From The User’s Guide To The Millenium, in an essay called ‘Project For A Glossary Of The Twentieth Century’, which was a series of possible feature titles sent by a magazine that Ballard proceeded to turned into a list of spoof definitions…

Typewriter. It types us, encoding its own linear bias across the free space of the imagination.

Satellites. Ganglions in search of an interplanetary brain.

Robotics. The moral degradation of the machine.

Personal Computers. Perhaps unwisely, the brain is subcontracting many of its core functions, creating branch economies that one day amalgamate and mount a management buy-out.


Feb 21 2006

50s Radio

Cleaning out the bookmarks and: 1950s Easy Listening Radio stream, presented by Dutchmen. No idea why I have that thanks to Walker for that, it’s ace.


Feb 21 2006

Mud That Sat Up

Alan Moore’s “magical” performance piece Snakes & Ladders, which was first a live rendition and later a recorded album with synth spaceman Tim Perkins, has become a kind of audio reference manual for me. I sometimes put it on in order to perform a psychic checklist. As Moore makes his way through time, space, science, poetry and the deep history of central England, I find myself thinking about some of the things that make me who I want to be: Limitlessly bewildered by humankind? Check. Stunned by cosmology and elated by genetics? Check. Laughing in awe at the sheer fact of the universe? Check. Wry existential wonder? Check. Bad puns that are barely jokes at all? Check.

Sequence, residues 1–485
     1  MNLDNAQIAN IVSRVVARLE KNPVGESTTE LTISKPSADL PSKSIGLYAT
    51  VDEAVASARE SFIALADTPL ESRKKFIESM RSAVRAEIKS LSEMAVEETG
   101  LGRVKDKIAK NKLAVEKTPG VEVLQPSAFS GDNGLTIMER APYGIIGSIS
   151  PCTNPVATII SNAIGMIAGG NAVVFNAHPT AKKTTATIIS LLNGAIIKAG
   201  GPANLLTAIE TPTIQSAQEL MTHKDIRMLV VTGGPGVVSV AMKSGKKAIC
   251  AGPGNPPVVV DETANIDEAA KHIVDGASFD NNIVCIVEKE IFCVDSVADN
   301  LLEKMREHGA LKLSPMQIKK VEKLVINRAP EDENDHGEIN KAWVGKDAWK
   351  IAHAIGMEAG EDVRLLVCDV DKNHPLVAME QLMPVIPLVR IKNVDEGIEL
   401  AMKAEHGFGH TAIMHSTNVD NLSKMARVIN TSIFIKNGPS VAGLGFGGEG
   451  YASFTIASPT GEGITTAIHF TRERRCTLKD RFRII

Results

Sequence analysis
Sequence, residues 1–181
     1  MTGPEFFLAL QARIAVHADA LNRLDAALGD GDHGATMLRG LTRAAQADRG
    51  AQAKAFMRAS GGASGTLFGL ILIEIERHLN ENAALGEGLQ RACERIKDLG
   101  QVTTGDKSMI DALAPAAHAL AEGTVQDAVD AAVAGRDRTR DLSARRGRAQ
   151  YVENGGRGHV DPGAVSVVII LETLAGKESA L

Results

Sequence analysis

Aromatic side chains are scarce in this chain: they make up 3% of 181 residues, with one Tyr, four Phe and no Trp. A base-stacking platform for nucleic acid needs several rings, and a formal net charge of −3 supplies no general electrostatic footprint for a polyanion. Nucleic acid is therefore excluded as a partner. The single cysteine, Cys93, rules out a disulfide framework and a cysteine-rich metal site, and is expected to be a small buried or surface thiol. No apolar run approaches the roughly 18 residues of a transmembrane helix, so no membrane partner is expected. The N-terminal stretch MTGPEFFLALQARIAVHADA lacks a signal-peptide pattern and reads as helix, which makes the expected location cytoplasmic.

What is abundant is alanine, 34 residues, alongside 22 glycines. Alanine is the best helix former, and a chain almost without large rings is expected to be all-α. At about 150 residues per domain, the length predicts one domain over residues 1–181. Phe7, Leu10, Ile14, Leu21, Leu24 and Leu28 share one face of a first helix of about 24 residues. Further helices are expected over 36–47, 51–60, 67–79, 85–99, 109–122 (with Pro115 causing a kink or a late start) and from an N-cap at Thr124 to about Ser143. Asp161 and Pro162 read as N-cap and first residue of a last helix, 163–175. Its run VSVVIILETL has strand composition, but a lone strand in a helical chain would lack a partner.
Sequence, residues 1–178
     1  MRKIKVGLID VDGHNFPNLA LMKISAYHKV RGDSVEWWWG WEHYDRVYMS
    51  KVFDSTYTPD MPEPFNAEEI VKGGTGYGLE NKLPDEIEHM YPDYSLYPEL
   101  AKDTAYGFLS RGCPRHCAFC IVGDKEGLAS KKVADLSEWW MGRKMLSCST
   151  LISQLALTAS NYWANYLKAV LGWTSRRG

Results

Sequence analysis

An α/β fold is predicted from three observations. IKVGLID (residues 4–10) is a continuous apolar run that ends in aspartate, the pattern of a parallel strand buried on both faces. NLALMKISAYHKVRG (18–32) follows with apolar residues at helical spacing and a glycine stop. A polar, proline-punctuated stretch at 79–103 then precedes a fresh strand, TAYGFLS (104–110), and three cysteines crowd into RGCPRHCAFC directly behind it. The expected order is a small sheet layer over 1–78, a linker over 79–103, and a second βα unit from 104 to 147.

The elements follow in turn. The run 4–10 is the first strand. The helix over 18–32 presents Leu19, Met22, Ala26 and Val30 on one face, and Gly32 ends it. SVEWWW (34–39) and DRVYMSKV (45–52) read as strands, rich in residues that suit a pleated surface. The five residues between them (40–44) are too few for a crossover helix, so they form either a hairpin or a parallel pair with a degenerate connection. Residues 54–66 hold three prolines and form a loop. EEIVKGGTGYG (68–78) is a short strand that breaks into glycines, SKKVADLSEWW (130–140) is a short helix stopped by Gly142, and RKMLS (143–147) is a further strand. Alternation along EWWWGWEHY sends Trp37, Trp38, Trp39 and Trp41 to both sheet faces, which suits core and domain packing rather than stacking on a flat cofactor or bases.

I don’t know quite what this means, but I’ve begun to try and articulate some of why I enjoy it so much. Reading Phillip Ball’s book on Paracelsus has made think about how there is now such a stark separation between religion and science. In Paracelsus’ time the distinction made no sense – your faith was interwoven with life, and your “natural philosophy” (science, such as it was) was simply a part of how you thought about God and the world He apparently created. Now though such integrated approaches seem absurd. The Christian scientist’s attempts to fit theory to doctrine is one such dead end. I’m not about to say that the loss of religion means we’re missing something (although that’s how these discussions usually come across) but rather than secular disciplines of all kinds still have a lot of work to do.